Artwork delivers message to victims ‘that they matter’February 11, 2019
By ALLEN LAMAN
INDIANAPOLIS — Dear Survivor,
We see you. We hear you. We believe you.
Followed by a depiction of the staff of Hermes, the above text appears in a movie-theater-poster-sized painting created by Arielle Moss. The large work depicts a pregnant woman adorned with symbols of nature and balance — and it represents a message important to the Jasper native who created it.
“I think sexual assault survivors, when you’re first coming in and reaching out and asking for help, I think the biggest thing that anyone can do for anyone in that situation is just make them feel like they’re seen, they’re heard and they’re validated,” said Moss, 26. “Because so many survivors have to deal with people questioning them and doubting them, and questioning their validity and their authority.”
Moss’ painting recently placed first in an Indiana University School of Medicine creative arts contest hosted by Finding Inspiration and Resilience in Medicine. The competition is part of an annual convention that addresses the increasing problem of physician burnout by generating conversation on resilience and inspiration.
That contest tasked health professional students to submit an original short story, narrative, visual art project or other creative work that fits a list of criteria related to the future of medicine.
Moss lives in Indianapolis and is a first-year medical student at Marian University.
She said that physicians, nurses and hospital staffers are the first line of response to sexual assault in many ways, bolstering the importance of health care professionals’ connection with victims of sexual assault.
“The bottom line is you need to make someone feel heard and make them feel seen and ultimately just believe their story,” she said. “Because they have to deal with so many other things and they don’t need someone doubting them.”
While living in Bloomington, Moss volunteered at the Middle Way House, which is a shelter for women and children escaping situations involving sexual assault and domestic violence. It was there that she became active in raising awareness of sexual assault and domestic violence.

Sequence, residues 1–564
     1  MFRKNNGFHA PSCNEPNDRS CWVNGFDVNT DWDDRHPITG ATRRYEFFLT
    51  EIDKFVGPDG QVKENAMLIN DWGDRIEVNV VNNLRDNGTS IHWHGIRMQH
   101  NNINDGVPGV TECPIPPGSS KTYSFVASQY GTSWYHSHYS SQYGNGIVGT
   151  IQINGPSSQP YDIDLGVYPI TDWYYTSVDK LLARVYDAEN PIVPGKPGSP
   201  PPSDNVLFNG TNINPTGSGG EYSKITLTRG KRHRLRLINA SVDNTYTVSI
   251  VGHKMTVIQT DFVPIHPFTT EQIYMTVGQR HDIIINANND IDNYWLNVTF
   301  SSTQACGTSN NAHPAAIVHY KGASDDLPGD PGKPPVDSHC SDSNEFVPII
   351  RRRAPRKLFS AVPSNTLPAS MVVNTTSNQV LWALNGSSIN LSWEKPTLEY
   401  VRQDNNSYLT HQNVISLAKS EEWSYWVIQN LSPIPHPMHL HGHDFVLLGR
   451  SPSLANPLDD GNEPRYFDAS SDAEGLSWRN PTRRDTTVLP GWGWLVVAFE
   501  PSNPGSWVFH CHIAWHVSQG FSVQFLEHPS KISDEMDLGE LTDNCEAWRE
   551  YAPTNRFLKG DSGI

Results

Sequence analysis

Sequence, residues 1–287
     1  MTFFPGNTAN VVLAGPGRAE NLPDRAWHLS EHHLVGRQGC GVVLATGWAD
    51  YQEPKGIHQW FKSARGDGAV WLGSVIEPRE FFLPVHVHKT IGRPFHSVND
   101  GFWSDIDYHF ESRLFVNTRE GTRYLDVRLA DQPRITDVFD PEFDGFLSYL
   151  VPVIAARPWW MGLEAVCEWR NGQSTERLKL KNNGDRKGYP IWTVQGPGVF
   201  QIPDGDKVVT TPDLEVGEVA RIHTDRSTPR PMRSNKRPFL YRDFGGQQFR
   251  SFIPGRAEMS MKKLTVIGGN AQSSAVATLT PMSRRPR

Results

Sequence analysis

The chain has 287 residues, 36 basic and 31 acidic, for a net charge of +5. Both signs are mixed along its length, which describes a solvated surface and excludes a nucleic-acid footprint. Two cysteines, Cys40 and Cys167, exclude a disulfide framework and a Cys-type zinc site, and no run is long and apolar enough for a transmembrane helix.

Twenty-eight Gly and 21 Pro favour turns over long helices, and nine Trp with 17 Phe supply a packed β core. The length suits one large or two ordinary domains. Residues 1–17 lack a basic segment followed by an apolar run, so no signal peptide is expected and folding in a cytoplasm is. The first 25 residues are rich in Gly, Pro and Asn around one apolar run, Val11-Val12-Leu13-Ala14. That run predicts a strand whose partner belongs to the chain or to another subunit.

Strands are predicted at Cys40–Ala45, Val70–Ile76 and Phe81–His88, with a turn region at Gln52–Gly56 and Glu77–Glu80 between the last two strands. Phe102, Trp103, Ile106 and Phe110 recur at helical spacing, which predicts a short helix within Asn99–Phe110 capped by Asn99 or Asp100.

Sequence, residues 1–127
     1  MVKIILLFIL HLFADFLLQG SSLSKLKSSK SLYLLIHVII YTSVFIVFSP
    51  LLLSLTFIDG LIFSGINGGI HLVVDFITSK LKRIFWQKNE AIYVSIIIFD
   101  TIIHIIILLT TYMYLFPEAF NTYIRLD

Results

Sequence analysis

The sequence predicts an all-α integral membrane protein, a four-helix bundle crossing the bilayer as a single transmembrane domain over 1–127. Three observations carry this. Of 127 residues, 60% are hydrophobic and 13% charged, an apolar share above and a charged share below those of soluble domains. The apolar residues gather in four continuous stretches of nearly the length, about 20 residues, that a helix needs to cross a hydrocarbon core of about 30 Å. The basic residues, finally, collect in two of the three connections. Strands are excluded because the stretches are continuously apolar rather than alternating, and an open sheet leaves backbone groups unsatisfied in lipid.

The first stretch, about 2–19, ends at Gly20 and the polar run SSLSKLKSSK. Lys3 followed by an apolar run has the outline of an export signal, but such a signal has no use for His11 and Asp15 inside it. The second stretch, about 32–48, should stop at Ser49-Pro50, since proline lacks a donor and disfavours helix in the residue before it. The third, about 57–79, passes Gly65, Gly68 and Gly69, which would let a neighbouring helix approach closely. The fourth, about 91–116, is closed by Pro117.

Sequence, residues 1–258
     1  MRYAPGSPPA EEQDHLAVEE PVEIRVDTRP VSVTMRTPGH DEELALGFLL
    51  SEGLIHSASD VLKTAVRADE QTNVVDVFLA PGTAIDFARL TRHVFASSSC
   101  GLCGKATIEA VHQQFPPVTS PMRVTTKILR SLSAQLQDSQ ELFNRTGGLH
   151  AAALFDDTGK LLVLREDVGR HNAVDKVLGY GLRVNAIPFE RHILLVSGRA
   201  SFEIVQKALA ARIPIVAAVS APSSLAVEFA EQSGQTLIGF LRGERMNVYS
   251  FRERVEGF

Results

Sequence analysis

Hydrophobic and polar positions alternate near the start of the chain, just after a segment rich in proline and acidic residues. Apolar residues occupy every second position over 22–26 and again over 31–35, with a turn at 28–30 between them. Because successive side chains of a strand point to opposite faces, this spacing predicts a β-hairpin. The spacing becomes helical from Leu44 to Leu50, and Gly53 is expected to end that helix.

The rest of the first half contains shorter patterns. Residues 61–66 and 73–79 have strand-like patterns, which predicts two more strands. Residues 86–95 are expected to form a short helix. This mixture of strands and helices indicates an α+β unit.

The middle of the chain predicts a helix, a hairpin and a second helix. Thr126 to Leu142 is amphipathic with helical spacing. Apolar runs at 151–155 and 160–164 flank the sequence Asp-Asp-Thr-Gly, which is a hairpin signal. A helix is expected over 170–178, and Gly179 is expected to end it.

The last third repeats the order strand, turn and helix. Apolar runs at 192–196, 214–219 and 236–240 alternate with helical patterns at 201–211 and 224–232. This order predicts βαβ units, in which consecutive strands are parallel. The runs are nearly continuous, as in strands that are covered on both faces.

“I think advocacy is what will always kind of drive me to continue on with medicine,” Moss said. “I’m just starting, but I think I’m very passionate about bridging those (things) like access to care gaps ... the prompt of the art competition kind of reminded me of why I’m here and why I want to do this path.”
Moss — who admitted she is not a longtime painter — crafted most of the artwork in one night. The text was added later. The woman in the painting was inspired in part by a victim of sexual assault who Moss interacted with at the Middle Way House.
Through a metaphorical lens, the woman’s body represents Mother Earth. Her lower body is colored like a galaxy of stars and her hair is filled with flecks representative of fireflies, and her enlarged stomach has a yin-yang symbol, which is representative of balance.
Moss said that regardless of who you are or what you do, it’s important to show people that we see and hear them.
“I think everyone in the world, no matter who you are, you want to feel like you are seen,” Moss said. “And you want to feel like you matter. And ... even if you haven’t experienced something like sexual assault or violence like that, I think that if we can all just go out of our way to make anyone around us feel like they matter, I think that’s the main takeaway.”
She concluded: “Obviously, yes, I feel so passionate about sexual assault awareness. But I also just think on a deeper level, we as human beings just need to constantly work on just making everyone around us feel connected and that they matter.”
Arielle is the daughter of Richard and Supit Moss of Jasper.
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